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References

  1. T.C. Bergstrom, P.N. Courant, R.P. McAfee, and M.A. Williams, "Evaluating big deal journal bundles", Proceedings of the National Academy of Sciences, vol. 111, pp. 9425-9430, 2014. http://dx.doi.org/10.1073/pnas.1403006111
  2. C. Woolston, "Secret publishing deals exposed", Nature, vol. 510, pp. 447-447, 2014. http://dx.doi.org/10.1038/510447f

Anchoring chemistry.

Wednesday, June 18th, 2014
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I was reminded of this article by Michelle Francl[1], where she poses the question “What anchor values would most benefit students as they seek to hone their chemical intuition?” She gives as common examples: room temperature is 298.17K (actually 300K, but perhaps her climate is warmer than that of the UK!), the length of a carbon-carbon single bond, the atomic masses of the more common elements.

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References

  1. M. Francl, "Take a number", Nature Chemistry, vol. 5, pp. 725-726, 2013. http://dx.doi.org/10.1038/nchem.1733

Disambiguation/provenance of claimed scientific opinion and research.

Monday, May 5th, 2014
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My name is displayed pretty prominently on this blog, but it is not always easy to find out who the real person is behind many a blog. In science, I am troubled by such anonymity. Well, a new era is about to hit us. When you come across an Internet resource, or an opinion/review of some scientific topic, I argue here that you should immediately ask: “what is its provenance?”

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Blasts from the past and present: altmetrics.

Sunday, October 13th, 2013
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I reminisced about the wonderfully naive but exciting Web-period of 1993-1994. This introduced the server-log analysis to us for the first time, and hits-on-a-web-page. One of our first attempts at crowd-sourcing and analysis was to run an electronic conference in heterocyclic chemistry and to look at how the attendees visited the individual posters and presentations by analysing the server logs.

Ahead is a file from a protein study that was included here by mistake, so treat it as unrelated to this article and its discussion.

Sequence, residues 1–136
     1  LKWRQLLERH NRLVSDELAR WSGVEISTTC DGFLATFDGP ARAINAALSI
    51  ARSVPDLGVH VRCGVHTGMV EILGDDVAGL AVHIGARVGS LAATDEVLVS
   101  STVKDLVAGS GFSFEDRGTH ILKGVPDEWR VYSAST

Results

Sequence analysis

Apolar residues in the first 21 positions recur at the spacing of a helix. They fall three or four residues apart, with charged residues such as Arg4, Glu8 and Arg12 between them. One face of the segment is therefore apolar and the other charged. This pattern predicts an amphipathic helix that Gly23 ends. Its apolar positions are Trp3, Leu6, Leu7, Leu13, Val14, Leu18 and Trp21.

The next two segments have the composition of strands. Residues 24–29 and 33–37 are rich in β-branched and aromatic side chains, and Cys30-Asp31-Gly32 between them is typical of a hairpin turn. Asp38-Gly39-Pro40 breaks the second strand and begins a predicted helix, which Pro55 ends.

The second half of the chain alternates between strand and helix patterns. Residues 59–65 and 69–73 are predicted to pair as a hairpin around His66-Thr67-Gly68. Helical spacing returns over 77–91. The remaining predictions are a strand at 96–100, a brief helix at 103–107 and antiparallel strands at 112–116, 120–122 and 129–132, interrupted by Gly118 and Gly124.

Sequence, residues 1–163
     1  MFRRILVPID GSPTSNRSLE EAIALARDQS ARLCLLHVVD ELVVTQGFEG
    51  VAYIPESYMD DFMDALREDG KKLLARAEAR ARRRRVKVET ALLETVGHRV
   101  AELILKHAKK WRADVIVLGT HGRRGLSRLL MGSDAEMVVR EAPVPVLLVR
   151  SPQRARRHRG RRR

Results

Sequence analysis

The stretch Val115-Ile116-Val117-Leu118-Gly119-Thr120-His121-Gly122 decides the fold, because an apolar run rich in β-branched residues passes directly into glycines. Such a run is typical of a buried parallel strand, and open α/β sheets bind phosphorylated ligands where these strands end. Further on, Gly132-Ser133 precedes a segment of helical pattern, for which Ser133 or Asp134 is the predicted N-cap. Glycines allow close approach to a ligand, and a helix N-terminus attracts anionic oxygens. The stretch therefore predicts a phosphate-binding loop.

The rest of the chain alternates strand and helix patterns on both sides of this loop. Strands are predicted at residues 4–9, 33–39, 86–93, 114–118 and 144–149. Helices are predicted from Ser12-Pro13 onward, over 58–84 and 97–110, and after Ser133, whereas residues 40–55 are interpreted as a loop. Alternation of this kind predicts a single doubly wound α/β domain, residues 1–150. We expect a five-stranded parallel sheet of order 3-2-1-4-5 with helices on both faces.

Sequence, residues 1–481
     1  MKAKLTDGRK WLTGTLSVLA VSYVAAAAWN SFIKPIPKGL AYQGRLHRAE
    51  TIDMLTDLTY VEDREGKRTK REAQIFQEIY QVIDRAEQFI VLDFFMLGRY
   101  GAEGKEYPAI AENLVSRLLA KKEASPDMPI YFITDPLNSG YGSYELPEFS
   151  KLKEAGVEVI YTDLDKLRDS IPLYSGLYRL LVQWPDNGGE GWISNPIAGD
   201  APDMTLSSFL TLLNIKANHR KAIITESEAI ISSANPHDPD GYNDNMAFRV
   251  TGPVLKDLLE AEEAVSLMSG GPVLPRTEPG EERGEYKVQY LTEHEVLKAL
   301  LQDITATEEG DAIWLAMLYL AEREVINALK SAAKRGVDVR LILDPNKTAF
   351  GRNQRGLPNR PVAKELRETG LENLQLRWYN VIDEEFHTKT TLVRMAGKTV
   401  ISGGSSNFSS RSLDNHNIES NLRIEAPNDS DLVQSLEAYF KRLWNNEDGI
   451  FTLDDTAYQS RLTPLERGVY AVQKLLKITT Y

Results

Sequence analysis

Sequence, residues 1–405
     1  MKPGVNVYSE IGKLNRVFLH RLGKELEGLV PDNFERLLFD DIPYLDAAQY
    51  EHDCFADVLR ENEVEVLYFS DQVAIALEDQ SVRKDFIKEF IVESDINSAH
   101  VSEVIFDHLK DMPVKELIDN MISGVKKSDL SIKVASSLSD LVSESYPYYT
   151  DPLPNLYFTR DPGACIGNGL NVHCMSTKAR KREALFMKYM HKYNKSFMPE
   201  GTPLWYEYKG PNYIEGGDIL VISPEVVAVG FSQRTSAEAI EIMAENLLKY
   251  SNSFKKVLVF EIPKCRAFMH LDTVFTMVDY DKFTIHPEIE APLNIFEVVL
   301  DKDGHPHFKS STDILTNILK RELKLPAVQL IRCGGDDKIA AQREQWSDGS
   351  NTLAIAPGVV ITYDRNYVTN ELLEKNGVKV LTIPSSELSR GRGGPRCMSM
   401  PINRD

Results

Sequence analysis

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A two-publisher model for the scientific article: narrative+shared data.

Sunday, September 15th, 2013
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I do go on rather a lot about enabling or hyper-activating[1] data. So do others[2]. Why is sharing data important?

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References

  1. O. Casher, G.K. Chandramohan, M.J. Hargreaves, C. Leach, P. Murray-Rust, H.S. Rzepa, R. Sayle, and B.J. Whitaker, "Hyperactive molecules and the World-Wide-Web information system", Journal of the Chemical Society, Perkin Transactions 2, pp. 7, 1995. http://dx.doi.org/10.1039/P29950000007
  2. R. Van Noorden, "Data-sharing: Everything on display", Nature, vol. 500, pp. 243-245, 2013. http://dx.doi.org/10.1038/nj7461-243a

Computers 1967-2013: a personal perspective. Part 5. Network bandwidth.

Wednesday, June 5th, 2013
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In a time of change, we often do not notice that Δ = ∫δ. Here I am thinking of network bandwidth, and my personal experience of it over a 46 year period.